Maureen Furniss reviews five more short films straight from the festival circuit. This month we learn about:The Shadow of Doubt by Cynthia Wells, Patrick Smith's Drink, Grace by Lorelei Pepei, Chicken Kiev by Thomas Stellmach and We Are Immortal (Nous sommes immortels) by Daniel Guyonnet. Includes four QuickTime movie clips!
Within the world of animation, most experimentation occurs within short format productions, whether they be high budgeted commercials, low budgeted independent shorts, or something in between. The growing number of short film festivals around the world attest to the vitality of these works, but there are few other venues for exhibition of them or even written reviews. As a result, distribution tends to be difficult and irregular. On a regular basis, Animation World Magazine will highlight some of the most interesting with short descriptive overviews.
The Shadow of Doubt (2001), 10 min., directed by Cynthia Wells, USA. Info: The Digital Theater Group. E-mail: email@example.com. URL: www.tdtgee.com. Drink (2000), 5 min., directed by Patrick Smith, USA. Info: Patrick Smith. Tel: 917-549-3763. E-mail: firstname.lastname@example.org. URL: www.patsmith.com. Grace (1999), 6 min., directed by Lorelei Pepei, USA. Info: Lorelei Pepei, 806 Kodak Drive, Los Angeles, CA 90026 USA. Tel: 323-953-9579. E-mail: email@example.com. Chicken Kiev (2000), 9 min., directed by Thomas Stellmach, Germany. Info: Thomas Stellmach, Ahornweg 3, 34295 Edermuende Grifte, Germany. Tel: 0049 170 2828194. Fax: 0049 5665 7762. E-mail: firstname.lastname@example.org. Nous sommes immortels (We Are Immortal, 1999) 2.5 min., directed by Daniel Guyonnet, France. Info: Daniel Guyonnet.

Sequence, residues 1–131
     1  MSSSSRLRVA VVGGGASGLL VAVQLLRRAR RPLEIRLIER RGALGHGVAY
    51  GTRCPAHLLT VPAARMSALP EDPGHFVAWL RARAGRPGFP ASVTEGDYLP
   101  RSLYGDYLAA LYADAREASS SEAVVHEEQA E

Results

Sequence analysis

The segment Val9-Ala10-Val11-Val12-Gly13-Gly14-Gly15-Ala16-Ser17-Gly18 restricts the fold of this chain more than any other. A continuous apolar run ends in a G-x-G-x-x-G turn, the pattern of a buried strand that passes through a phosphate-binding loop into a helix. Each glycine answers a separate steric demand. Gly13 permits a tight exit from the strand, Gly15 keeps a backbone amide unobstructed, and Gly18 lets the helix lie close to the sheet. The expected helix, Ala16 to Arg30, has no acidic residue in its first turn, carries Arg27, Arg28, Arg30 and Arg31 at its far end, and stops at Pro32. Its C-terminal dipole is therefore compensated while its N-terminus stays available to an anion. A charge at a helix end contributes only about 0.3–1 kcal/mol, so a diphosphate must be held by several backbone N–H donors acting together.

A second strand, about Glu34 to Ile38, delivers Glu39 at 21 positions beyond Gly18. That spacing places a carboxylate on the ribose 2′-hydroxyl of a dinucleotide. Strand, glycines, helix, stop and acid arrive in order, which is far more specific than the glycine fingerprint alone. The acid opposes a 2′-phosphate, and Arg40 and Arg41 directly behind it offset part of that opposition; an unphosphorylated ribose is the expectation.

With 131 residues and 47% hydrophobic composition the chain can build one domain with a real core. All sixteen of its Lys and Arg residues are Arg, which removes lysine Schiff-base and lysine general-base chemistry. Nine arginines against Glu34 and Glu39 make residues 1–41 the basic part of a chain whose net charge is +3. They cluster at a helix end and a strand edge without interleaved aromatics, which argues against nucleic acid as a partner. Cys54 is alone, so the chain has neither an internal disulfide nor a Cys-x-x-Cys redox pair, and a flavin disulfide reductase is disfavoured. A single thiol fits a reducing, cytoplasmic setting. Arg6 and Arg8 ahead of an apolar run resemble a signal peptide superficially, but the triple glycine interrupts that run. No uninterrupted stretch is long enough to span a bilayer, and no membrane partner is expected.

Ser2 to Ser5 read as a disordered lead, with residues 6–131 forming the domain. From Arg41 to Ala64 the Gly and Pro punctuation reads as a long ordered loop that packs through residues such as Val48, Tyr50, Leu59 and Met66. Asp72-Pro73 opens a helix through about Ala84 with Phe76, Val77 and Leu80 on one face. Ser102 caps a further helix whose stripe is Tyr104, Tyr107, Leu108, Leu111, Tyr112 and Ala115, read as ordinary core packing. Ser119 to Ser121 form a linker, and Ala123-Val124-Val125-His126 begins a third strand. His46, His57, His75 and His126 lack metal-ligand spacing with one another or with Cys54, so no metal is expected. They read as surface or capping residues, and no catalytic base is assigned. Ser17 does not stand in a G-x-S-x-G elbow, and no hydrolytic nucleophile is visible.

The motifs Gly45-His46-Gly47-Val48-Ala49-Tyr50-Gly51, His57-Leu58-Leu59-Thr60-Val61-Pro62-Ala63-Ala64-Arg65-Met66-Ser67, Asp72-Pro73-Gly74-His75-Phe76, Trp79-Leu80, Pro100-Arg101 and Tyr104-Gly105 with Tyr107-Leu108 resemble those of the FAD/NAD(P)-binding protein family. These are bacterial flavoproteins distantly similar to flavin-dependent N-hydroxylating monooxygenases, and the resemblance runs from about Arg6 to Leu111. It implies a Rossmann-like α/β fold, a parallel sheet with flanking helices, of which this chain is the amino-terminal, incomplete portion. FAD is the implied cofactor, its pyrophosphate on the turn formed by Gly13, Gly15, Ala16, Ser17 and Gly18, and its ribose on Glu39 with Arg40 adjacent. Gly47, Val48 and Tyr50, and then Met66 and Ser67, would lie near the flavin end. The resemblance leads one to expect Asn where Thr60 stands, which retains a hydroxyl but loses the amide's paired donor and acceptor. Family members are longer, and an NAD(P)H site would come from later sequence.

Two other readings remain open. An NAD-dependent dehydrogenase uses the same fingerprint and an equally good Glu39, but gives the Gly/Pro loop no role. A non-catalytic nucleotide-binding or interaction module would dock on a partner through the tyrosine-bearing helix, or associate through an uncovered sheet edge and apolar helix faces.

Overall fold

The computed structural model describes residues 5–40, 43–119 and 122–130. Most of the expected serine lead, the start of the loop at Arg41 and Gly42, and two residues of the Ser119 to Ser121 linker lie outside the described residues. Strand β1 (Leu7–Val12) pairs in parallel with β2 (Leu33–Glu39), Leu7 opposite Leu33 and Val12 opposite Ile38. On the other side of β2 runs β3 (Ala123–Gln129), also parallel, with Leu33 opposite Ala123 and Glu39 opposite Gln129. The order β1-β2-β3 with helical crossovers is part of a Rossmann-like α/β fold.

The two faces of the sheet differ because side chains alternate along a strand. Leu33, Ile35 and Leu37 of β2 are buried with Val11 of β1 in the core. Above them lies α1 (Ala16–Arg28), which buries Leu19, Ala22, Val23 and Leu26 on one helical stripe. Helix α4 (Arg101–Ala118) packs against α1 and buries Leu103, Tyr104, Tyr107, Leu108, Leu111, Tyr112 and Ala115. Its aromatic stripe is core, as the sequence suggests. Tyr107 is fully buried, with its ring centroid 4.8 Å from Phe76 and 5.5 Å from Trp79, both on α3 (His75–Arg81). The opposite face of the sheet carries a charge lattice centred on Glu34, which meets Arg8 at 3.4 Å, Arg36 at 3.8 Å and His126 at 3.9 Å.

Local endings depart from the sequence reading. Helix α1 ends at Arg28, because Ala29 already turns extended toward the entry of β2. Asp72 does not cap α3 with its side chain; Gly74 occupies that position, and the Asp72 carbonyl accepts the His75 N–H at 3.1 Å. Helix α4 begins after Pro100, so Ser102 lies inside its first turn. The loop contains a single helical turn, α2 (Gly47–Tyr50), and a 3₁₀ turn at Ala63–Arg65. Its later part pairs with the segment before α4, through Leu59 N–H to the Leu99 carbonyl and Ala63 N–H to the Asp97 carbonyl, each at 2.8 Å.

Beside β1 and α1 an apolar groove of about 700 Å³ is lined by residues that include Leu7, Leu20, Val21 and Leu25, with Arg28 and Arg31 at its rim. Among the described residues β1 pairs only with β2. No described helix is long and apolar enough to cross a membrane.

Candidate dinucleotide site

If you have the QuickTime plug-in, you can view a clip from each film by simply clicking the image.
The Shadow of Doubt The Shadow of Doubt, directed by Cynthia Wells, is the second production to feature the sultry redhead character who made her debut in Tallulah, Queen of the Universe. Here, the singer is haunted with doubts about her work, after seeing a once-great musician who is now happy to be running a club and serving drinks to customers. Because the film centers around Tallulah's inner questions, it is natural that the work employs a good deal of voice-over narration, to suggest her interior monologue. It is also fitting that the visuals in the work are somewhat 'dreamlike' at times, as they depict both memory and fantasy. It is in terms of the visuals that the short really shines. In terms of character design, but especially backgrounds and effects, Shadow of Doubt is very well designed.
Wells is a veteran animator, having won a number of awards for her work, which includes animation on two Emmy Award-winning shows, Ziggy's Gift and Roman City, as well as the features Anastasia (Fox), Space Jam and Quest for Camelot (both Warner Bros.). Shadow of Doubt was co-produced with husband Geoff Wells under the company name of The Digital Theater Group. The production relied on a large team of assistants who were trained in various capacities in exchange for their work, as well as seasoned professionals. Composer Steve Orich composed this short's score and song, "Shadow Days," which was performed by Deborah Pearl, who also performed Tellulah's dialogue and voice-over. Art director Donna Prince painted all of the short's fine background scenes. Geoff Wells served as writer, script editor, and sound and picture technical director. The 10-minute short is recorded in English.
Technically, Shadow of Doubt has much to illustrate about the way in which relatively inexpensive technologies can be used to create a very professional-looking work. While the animation was drawn on paper, Toonz software was used for digital ink-and-paint. Adobe Photoshop and Premier were also employed. The software was run on an NT computer, a Gateway GP6 450Mhz PC using a standard 12GB hard drive and 256 MB RAM. For backup and storage, the team used a Quantum DLT 4000 drive and an 18GB Quantum Atlas III SCSI drive for temporary storage. A softer look was achieved by using a resolution of 1K, as opposed to the standard 2K resolution of a film frame, in order to reduce the memory burden on the system. The film employs up to 50 levels of effects, with storage of source files exceeding 80 GB. Rendering of the film was done on a single computer, which ran nonstop for five weeks during final outputting.